Lana and Max, the first generation heroes, are witches who are being hunted by a group called the Purity Warriors, and by magical people who chose the dark side, the Dark Uncanny. They decide to halt their desperate escape at a small town which they, along with other first generation virus survivors, will turn into a community called New Hope. But this final book is the story of Lana and Max’s daughter, Fallon Swift, known far and wide as The One. And she is a refreshingly down-to-earth female heroine even though she is trained by her own Merlin and her path to power resembles the Arthurian legends (but this Arthur is a girl/woman). This final book in the trilogy, The Rise of Magicks is full of war and of love. This time Duncan and Fallon are grown-ups, no longer teens, and if you were frustrated that they each went their own way at the end of Book 2, then you will find it was worth the wait. While these are not the great American novel(s) they are an entertaining and addictive read delivered by a really talented, and very prolific, writer.

The Testaments by Margaret Atwood – Book

The Testaments by Margaret Atwood – Book

The Testaments by Margaret Atwood is the sequel to The Handmaid’s Tale, much anticipated (possibly demanded) by fans of the TV series based on Ms. Atwood’s book. By the end of The Handmaid’s Tale we know that there is a resistance movement. It is modeled on the real and desperate escape route for American slaves, the Underground Railroad. This time it is called the “Female Road” and the magic rescue word offered to handmaid’s, who are virtually sex slaves, is May Day. Offred escapes Gilead through this underground route. But what happens after she escapes? Does she die? Does she find a safe place and live out her days in peace? Does she join the resistance?

Margaret Atwood is able to use her words to build scenes from both the past and the future that are vivid and that come to life in our minds. She builds the entire nation of Gilead. She does it like one of those artists who can capture the essence of a person or a place with just a few deft strokes. We find we don’t need every little detail. Because her new nation is similar to things we already know our mind fills in the blanks. The same skill is at work as we follow the resistance movement inside and outside of Gilead, and as a very surprising character engineers the demise of Gilead.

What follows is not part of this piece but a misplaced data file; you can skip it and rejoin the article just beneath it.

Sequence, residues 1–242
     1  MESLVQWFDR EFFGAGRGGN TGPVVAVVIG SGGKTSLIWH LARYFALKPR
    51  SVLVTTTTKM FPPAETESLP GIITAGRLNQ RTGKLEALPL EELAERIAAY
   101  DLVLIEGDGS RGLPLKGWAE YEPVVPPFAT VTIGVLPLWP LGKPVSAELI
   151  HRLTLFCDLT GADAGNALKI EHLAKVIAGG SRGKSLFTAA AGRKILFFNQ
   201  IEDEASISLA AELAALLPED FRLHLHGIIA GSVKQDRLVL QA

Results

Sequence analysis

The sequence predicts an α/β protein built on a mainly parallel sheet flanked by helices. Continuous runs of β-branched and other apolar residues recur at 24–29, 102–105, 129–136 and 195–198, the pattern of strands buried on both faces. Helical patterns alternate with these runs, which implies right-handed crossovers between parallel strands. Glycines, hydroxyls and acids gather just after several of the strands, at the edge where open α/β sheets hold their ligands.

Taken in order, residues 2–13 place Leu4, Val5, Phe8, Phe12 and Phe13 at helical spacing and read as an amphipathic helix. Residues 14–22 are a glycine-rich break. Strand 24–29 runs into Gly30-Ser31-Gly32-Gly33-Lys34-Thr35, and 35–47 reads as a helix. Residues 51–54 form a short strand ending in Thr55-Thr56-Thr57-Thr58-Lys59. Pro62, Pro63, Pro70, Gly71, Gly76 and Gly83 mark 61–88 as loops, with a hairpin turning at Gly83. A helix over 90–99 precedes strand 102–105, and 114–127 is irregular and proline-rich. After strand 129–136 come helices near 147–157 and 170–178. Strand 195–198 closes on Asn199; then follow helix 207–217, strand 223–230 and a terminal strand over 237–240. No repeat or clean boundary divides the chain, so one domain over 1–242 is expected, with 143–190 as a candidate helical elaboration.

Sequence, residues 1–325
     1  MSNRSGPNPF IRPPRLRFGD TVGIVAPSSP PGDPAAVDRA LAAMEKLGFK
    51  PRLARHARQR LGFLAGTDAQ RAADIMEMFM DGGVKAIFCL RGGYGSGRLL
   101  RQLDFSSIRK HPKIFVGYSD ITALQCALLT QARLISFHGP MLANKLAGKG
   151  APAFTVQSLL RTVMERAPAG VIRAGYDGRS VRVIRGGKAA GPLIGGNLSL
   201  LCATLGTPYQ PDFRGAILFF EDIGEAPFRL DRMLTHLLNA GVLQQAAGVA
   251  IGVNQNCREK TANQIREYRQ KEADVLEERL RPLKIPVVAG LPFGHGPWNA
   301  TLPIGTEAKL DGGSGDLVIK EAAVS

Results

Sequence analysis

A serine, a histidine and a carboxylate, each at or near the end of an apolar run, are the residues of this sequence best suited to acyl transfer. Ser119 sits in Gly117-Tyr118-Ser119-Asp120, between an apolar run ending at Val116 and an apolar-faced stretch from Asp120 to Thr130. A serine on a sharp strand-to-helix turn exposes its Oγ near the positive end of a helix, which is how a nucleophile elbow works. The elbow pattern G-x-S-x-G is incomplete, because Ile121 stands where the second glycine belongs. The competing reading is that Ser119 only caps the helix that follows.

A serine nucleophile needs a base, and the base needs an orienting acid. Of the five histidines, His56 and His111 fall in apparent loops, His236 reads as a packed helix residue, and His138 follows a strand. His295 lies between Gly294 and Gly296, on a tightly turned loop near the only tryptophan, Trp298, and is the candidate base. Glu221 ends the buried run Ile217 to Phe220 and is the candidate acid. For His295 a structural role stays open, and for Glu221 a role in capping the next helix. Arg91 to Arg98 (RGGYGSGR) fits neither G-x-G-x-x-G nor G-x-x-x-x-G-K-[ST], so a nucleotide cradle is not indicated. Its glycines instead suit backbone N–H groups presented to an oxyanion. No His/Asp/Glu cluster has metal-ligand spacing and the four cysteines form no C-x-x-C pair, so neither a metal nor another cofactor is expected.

Gilead has besides the handmaids; the Commanders, their wives, the Marthas, the Econowives, the Aunts, the Guardians, and the Eyes. The Aunts are modelled somewhat on nuns. They live regimented lives, ruled by prayers and bells, they are the teachers of handmaids and of the daughters of Commanders, they are the only women in Gilead allowed to keep books and to read and write. Big mistake. In this male-dominated world men believe that women are now powerless, completely reliant on men, and that even the powers of previously educated, professional women such as doctors, lawyers, and judges have been completely defused. In The Testaments we find Commander Judd and Aunt Lydia basically in a respectful/hostile power struggle. Aunt Lydia was a force in The Handmaid’s Tale, but in The Testaments we learn about her secret powers (no magic is involved, just intellect). We learn that what Commander Judd cannot imagine will eventually bring him down.

We also meet a young teen who is living with a couple of resistance fighters who she almost believes are her real parents. We meet the Pearl Girls, missionaries from Gilead who are also unwitting partners in the resistance. When Gilead uncovers “Nicole’s” parents and blows them up Nicole (Baby Nicole was stolen from Gilead) is hurriedly trained to infiltrate Gilead as a captive of the Pearl Girls. Watching her reactions as she is introduced to this repressed culture and watching the reactions of the others to her is part of that charming skill that Margaret Atwood brings to her writing. Atwood successfully, but not exhaustively, wraps up the tale of the handmaids and offers us a new hero, a woman, of course.